• Corporate espionage by competitors,
• Attacks from disgruntled ex-employees
• Attacks from outsiders who are looking to obtain private data and steal the company's crown jewels (be it a database of credit cards, information on a new product, financial data, source code to programs, etc.)
• Attacks from outsiders who just want to use your company's resources to store pornography, illegal pirated software, movies and music, so that others can download and your company ends up paying the bandwidth bill and in some countries can be held liable for the copyright violations on movies and music.

As far as securing the enterprise goes, it is not enough to merely install a firewall or intrustion detection system and assume that you are covered against all threats. The company must have a complete security policy and basic training must be imparted to all employees telling them things they should and should not do, as well as who to contact in the event of an incident. Larger companies may even have an incident response or security team to deal specifically with these issues.

One has to understand that security in the enterprise is a 24/7 problem. There is a famous saying, "A chain is only as strong as its weakest link", the same rule applies to security.

After the security measures are put in place, someone has to take the trouble to read the logs, occasionally test the security, follow mailing-lists of the latest vulnerabilities to make sure software and hardware is up-to-date etc. In other words, if your organisation is serious about security, there should be someone who handles security issues.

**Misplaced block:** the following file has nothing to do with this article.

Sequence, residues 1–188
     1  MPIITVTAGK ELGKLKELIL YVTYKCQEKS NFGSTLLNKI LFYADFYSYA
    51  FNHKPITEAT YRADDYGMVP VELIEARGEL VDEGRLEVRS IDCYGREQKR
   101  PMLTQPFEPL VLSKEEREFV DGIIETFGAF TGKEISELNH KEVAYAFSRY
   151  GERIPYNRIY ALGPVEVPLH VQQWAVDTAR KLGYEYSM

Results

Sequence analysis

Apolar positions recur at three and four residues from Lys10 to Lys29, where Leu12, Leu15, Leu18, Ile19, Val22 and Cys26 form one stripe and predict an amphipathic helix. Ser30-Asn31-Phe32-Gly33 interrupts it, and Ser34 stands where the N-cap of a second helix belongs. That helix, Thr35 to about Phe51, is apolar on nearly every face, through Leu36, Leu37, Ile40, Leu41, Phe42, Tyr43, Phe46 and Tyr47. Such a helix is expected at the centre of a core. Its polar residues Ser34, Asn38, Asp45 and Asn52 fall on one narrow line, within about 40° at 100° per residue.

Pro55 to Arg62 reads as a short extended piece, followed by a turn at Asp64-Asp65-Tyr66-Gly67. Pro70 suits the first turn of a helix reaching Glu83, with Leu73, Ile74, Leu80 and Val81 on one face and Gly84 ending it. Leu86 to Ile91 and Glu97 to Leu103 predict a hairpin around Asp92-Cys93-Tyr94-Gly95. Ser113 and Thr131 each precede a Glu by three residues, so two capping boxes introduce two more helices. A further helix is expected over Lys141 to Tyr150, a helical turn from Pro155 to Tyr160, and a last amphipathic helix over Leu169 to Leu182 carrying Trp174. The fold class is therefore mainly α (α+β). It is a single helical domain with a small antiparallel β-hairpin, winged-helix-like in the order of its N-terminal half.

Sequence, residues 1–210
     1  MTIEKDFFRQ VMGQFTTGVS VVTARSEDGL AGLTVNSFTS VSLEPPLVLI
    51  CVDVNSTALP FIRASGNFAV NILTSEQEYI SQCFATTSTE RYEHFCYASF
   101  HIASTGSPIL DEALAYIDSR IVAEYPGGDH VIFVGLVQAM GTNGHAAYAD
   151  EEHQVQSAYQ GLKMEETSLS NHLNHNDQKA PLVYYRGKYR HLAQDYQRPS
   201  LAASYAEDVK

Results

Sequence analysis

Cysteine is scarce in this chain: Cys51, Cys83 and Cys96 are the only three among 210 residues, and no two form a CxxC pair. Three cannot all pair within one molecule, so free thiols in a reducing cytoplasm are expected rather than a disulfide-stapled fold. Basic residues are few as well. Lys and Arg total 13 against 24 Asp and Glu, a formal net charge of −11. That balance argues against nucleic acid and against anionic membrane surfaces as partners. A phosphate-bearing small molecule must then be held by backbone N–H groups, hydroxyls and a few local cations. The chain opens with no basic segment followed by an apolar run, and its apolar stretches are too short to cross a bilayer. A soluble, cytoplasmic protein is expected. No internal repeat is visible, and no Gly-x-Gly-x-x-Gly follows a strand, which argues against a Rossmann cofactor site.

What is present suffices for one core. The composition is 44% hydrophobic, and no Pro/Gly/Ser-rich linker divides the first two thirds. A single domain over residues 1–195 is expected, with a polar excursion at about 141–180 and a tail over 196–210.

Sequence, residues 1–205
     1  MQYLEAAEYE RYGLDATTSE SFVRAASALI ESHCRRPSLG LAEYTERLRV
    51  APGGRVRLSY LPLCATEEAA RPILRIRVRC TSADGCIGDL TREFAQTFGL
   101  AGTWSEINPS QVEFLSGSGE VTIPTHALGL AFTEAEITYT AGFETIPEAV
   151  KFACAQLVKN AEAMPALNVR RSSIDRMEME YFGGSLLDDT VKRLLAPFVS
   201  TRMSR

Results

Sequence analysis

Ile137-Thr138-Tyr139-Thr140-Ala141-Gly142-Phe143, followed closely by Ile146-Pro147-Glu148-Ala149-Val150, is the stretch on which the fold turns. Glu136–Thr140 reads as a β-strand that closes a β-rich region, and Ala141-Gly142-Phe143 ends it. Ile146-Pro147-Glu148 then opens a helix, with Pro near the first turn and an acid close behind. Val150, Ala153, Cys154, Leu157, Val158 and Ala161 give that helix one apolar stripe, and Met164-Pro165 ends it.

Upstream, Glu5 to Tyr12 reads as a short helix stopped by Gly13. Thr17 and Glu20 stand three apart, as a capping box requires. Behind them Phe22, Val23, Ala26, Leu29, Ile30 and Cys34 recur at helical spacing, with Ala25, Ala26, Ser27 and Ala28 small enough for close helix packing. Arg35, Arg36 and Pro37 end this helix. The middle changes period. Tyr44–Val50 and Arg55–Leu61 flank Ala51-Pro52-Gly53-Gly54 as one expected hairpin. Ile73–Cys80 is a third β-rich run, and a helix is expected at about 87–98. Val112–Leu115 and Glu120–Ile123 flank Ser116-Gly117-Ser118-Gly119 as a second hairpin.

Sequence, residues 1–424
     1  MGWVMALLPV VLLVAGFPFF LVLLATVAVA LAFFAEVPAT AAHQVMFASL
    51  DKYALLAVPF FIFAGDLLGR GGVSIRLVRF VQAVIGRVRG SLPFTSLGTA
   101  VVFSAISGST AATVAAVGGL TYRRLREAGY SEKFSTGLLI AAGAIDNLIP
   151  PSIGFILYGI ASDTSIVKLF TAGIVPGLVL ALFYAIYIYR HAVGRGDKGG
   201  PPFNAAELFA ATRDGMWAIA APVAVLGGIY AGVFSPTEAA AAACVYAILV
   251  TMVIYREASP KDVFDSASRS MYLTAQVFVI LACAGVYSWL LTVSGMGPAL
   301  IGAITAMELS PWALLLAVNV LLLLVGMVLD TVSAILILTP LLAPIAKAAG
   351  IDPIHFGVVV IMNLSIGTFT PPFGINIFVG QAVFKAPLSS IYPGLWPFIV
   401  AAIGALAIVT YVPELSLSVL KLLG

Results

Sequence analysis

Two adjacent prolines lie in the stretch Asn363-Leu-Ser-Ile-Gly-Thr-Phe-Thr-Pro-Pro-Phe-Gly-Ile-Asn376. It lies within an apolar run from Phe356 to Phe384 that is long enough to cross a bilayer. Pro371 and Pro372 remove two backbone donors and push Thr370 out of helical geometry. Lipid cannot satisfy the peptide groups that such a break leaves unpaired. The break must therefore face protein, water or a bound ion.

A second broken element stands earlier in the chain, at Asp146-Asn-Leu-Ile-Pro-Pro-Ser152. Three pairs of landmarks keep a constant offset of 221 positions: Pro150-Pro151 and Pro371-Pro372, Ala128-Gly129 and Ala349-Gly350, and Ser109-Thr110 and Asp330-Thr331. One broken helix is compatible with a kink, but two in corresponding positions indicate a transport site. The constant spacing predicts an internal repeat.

This person is often a network administrator, but invariably in the chaotic throes of day-to-day administration (yes we all dread user support calls ! :) the security of the organisation gets compromised -- for example, an admin who needs to deliver 10 machines to a new department may not password protect the administrator account, just because it saves him some time and lets him meet a deadline. In short, an organisation is either serious about security issues or does not bother with them at all.

While the notion of 24/7 security may seem paranoid to some people, one has to understand that in a lot of cases a company is not specifically targetted by an attacker. The company's network just happen to be one that the attacker knows how to break into and thus they get targetted. This is often the case in attacks where company ftp or webservers have been used to host illegal material.

The attackers don't care what the company does - they just know that this is a system accessible from the Internet where they can store large amounts of warez (pirated software), music, movies, or pornography. This is actually a much larger problem than most people are aware of because in many cases, the attackers are very good at hiding the illegal data. Its only when the bandwidth bill has to be paid that someone realises that something is amiss.

Firewalls

By far the most common security measure these days is a firewall. A lot of confusion surrounds the concept of a firewall, but it can basically be defined as any perimiter device that permits or denies traffic based on a set of rules configured by the administrator. Thus a firewall may be as simple as a router with access-lists, or as complex as a set of modules distributed through the network controlled from one central location.